CIA Wants More Drones to Do in N. Africa What It's Done in Pakistan

By:  Joe Wolverton, II, J.D.
10/26/2012
       
CIA Wants More Drones to Do in N. Africa What It's Done in Pakistan

The Washington Post is reporting that CIA officials are leaning on President Obama to green light the expansion of the intelligence agency’s fleet of drones. The increasing militarization of the CIA has accelerated its “decade-long transformation into a paramilitary force” according to a government official quoted in the Post article.

CIA Director David Petraeus claims that a beefed up drone presence would help his agents keep up with the “threats in North Africa,” a region the government insists is attracting al-Qaeda militants fleeing from the constant barrage of Hellfire missiles fired from drones patrolling the skies over Pakistan and Yemen.

The Washington Post is reporting that CIA officials are leaning on President Obama to green light the expansion of the intelligence agency’s fleet of drones. The increasing militarization of the CIA has accelerated its “decade-long transformation into a paramilitary force” according to a government official quoted in the Post article.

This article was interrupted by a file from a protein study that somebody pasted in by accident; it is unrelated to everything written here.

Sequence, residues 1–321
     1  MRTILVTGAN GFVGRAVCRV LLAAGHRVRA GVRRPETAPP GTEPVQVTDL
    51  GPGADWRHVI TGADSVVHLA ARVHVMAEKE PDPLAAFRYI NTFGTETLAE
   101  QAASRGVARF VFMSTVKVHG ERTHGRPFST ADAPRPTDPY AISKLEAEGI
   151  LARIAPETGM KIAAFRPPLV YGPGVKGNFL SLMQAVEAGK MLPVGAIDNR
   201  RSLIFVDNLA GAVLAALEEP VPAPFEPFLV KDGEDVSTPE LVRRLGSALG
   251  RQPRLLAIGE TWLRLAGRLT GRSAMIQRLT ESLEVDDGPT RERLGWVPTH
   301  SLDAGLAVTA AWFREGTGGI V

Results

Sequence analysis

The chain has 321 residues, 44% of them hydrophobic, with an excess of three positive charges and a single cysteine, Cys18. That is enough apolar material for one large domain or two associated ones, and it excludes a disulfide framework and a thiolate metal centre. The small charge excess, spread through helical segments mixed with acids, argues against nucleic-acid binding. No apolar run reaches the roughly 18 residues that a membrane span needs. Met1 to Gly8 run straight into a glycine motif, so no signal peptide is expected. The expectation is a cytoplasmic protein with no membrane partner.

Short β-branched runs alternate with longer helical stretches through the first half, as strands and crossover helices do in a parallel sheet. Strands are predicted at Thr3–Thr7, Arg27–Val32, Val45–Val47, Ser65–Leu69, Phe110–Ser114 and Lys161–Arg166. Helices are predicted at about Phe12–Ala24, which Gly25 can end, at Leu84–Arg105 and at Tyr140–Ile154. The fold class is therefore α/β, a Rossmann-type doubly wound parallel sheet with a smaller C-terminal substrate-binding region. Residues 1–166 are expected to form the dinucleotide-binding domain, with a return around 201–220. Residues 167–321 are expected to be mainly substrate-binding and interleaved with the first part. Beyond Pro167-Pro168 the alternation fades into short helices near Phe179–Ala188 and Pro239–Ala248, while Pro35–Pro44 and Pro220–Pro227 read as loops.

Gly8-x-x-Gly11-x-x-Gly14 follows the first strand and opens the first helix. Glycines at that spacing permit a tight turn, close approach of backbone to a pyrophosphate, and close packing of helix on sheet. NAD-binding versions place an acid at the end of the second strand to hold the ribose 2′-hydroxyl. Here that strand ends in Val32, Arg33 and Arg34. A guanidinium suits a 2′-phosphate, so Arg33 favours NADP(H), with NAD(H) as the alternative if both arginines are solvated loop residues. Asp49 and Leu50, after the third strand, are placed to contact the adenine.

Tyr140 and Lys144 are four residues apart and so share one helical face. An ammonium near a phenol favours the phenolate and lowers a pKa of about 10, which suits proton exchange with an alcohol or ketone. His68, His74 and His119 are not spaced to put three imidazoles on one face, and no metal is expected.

CIA Director and retired Gen. David Petraeus (a member of the internationalist Council on Foreign Relations) claims that a beefed up drone presence would help his agents keep up with the “threats in North Africa,” a region the government insists is attracting al-Qaeda militants fleeing from the constant barrage of Hellfire missiles fired from drones patrolling the skies over Pakistan and Yemen.

It’s not like North Africa hasn’t seen its share of drone sorties. On July 24, the Washington Post published an article describing the congestion of the skies over Somalia caused by drone traffic. The situation is so bad, says the Post, that there is a “danger to air traffic” in the area.

An additional problem posed by the proliferation of the unmanned aircraft above the east African nation is that their presence might be evidence of a violation of a 1992 United Nations Security Council arms embargo still in effect.

The article in the Post cites a UN report in which officials of the international body recount several instances where collisions between drones and commercial aircraft or objects on the ground were “narrowly averted.” One such incident involved a drone and a passenger plane flying above Mogadishu, the capital of Somalia.

The authors of the report of the investigation did not directly implicate the United States. That said, the report indicated that “at least two of the unmanned aircraft appeared to be U.S.-manufactured and suggested that Washington has been less than forthcoming about its drone operations in Somalia.”

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